NEVER on weekends.
A Quezon City councilor wants a 2010 directive of the Department of Education (DepEd) to also apply to private schools and discourage them from giving homework to elementary pupils on weekends, saying the two-day period should be used for more ‘’bonding time” between children and their families.
But unlike the DepEd regulation, the ordinance proposed by Councilor Jose Mario Don de Leon of the city’s 3rd District goes to the extent of imposing penalties on schools that, according to him, would hamper the development of the children’s “emotional quotient.”
In the draft measure, De Leon made references to DepEd Memorandum 392 issued in September 2010 by Secretary Armin Luistro.
According to the memo, “it has been observed that parents complain about too many pupils’ homework/assignments, which rob themselves and their children’s quality time to get together in more enjoyable activities.”
Luistro then ordered teachers in public schools to “limit homework/assignments to a reasonable quantity.”
“Therefore, no homework/assignments shall be given during weekends for pupils to enjoy their childhood and spend quality time with their parents without being burdened by the thought of doing lots of homework,” the secretary said.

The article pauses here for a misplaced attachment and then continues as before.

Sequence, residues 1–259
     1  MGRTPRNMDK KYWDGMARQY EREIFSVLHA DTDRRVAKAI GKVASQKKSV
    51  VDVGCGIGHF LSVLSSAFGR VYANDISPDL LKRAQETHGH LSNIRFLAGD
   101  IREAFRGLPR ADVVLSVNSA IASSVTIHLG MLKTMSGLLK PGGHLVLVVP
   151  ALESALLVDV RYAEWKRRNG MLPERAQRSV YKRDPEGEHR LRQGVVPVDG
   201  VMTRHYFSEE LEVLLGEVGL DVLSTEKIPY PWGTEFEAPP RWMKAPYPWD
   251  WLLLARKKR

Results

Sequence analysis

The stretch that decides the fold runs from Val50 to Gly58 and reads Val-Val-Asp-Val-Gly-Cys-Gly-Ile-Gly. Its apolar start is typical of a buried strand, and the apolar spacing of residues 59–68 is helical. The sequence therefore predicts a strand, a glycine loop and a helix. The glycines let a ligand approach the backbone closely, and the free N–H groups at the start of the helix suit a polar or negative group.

Now comes De Leon’s view: “In terms of the development of the emotional quotient of an individual and the importance of spending quality time between parent and child, there should be no distinction made between public and private elementary school pupils.”
“The emotional quotient should also be taken into consideration as part of a pupil’s overall development, which is why they should be encouraged to spend quality time bonding with their parents and enjoying their childhood to the fullest during weekends.”
The draft ordinance imposes a fine of P5,000 on private schools that would violate the measure.
“If the offender is a corporation, partnership or association or other juridical party, the penalty shall be imposed upon its officer or officers responsible for the violation without prejudice to the cancellation or revocation of its business permit,” it added. With a report from Inquirer Research